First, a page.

“Can I find my tribe?” is a haunting question in today’s hyper-diasporic world.
Last night, in class, we watched a documentary on Aravind Eye Hospital in India, to learn about social and reverse innovation in the global landscape. It was extraordinarily evocative for me. The sounds, sights, and emotional tonality made me terribly nostalgic for my home state of Tamil Nadu. The fact that I haven’t filled my usual quota of summertime travel in India added to it. My heart, like every migrant, is in many places. It made me think about tribes and how we evolve within our tribes.
Finding your tribe is a potent discourse. Seth Godin wrote a best-selling book about finding creating and leading your tribe of passion.When we all grow up and live in the same place, following well-trodden paths, our identity is embedded in our tribe of origin. People went to the same schools together, probably went to work in the same places, ran around with the same crowd, prayed and mourned together and your tribe is your context. The human need for a tribe is primal and foundational to our evolution and survival. When we don’t have a readymade tribe or wish to go beyond our tribal trajectories, humans still tend to seek and form new tribes. I belong to the academic tribe. I also belong to a tribe that parents like I do. Part of me belongs to my Indian roots. Like a tree that grows its roots where it is planted, I also have deep roots and emotional ties to the US. I feel at home everywhere or where, depending on my mood.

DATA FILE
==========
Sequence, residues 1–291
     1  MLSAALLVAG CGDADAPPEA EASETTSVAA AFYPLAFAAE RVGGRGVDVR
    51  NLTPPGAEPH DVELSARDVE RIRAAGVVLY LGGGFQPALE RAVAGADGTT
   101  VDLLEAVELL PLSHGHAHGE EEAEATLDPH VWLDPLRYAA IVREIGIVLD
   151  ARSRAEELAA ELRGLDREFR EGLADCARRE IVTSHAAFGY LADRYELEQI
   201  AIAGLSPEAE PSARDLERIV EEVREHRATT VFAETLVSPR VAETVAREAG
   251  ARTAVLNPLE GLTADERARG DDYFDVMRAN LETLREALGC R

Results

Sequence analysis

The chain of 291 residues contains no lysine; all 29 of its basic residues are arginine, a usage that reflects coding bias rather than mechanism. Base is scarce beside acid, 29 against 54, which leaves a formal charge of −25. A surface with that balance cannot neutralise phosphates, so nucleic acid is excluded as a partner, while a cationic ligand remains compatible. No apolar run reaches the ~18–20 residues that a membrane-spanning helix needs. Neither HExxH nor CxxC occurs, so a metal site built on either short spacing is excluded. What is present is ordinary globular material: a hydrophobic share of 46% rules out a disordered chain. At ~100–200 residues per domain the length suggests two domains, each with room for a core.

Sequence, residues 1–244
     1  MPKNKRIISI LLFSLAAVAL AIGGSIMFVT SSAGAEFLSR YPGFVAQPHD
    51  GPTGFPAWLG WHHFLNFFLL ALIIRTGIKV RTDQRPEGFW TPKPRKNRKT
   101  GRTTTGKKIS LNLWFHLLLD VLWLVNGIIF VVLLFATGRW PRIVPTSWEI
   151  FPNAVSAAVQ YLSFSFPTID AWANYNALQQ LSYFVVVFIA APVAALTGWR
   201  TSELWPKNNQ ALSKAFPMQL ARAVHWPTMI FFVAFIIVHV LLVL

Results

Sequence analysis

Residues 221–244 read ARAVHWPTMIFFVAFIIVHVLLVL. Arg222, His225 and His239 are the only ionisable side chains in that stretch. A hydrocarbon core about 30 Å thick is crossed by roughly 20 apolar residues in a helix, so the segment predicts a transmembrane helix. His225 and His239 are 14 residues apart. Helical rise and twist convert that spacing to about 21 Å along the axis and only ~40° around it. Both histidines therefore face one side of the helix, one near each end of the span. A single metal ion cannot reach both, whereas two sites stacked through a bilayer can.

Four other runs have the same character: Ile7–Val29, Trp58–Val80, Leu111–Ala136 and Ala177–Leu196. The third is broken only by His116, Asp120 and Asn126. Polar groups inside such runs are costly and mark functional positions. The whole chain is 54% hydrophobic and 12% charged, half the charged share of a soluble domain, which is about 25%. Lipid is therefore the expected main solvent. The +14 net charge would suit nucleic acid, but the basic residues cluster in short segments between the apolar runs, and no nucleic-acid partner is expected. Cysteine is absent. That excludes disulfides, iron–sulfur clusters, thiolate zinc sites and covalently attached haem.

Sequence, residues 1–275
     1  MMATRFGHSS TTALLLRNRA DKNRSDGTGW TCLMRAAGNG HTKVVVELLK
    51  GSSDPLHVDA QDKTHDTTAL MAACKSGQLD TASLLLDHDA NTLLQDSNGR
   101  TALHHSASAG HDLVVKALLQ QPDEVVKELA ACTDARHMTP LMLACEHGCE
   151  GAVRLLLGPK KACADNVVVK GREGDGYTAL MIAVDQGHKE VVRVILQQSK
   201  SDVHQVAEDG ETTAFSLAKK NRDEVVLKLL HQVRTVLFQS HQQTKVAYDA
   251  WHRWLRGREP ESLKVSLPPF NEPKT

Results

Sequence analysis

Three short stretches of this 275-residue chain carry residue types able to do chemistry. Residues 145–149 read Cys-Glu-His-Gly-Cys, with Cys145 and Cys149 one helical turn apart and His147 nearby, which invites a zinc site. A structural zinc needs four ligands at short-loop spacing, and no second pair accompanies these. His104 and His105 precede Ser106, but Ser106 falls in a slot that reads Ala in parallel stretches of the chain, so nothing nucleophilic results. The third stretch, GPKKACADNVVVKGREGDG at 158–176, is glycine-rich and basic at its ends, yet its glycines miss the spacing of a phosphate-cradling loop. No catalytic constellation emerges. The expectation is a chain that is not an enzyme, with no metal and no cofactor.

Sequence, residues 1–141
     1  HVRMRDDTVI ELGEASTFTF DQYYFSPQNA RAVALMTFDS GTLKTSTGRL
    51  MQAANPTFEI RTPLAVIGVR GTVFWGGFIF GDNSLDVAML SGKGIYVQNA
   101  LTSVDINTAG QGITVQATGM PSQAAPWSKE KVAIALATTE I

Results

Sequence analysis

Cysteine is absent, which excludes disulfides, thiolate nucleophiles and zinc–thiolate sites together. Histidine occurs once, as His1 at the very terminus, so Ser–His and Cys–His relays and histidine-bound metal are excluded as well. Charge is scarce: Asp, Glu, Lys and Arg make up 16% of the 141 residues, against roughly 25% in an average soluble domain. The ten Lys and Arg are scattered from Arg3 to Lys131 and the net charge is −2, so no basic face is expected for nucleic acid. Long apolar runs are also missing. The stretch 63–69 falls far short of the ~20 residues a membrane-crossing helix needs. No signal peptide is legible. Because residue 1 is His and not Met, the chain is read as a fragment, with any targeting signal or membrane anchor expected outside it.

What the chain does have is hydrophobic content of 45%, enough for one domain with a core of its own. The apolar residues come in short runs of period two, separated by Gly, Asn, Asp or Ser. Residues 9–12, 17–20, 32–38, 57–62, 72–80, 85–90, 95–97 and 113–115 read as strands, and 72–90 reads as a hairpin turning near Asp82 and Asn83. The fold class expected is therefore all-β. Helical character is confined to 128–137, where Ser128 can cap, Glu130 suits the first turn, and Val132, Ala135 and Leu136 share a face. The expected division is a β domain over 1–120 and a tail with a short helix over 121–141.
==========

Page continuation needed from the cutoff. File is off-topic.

One thing that disturbs me deeply about this discourse is that while tribes provide identity, meaning, purpose, and connection, tribal identities are also deeply divisive. I have written an academic paper about tribal mental models in which we suspend transactional, economic mental models and extend benevolence for a select few with whom we share an identity system. Tribal mental models are divisive. Yes, it is important to find a community in which we thrive. But unless we move beyond our tribal affiliation, we will never be able to self-actualize and become our ascendant and transcendent selves. Evidence of this divisive nature of tribal identity system is all over the world. I have written about the nature of these difficult conversations between tribes before. It is not easy, but important for us to evolve as a race. I am unabashedly critical but also unabashedly optimistic about our capacity for growth, change, and benevolence. Viyan likes to echo his history/anthropology professor that one thing that makes all we have is our capacity for imagination and abstract thought. We created cultures, civilizations, buildings, art, music, literature, politics, governments among other artifacts because we share the paradoxically rare and ubiquitous trait of imagination.
So, yes, follow your passion, find your tribe, love them hard, and thrive. But let us go beyond our tribes and find ways to connect with other tribes. Because we are capable of it. And we need it to expand our moral circle. Paradoxically, for this, we need to embrace our marginality and not be afraid of being alone. Embrace our history and identity and not be its prisoners.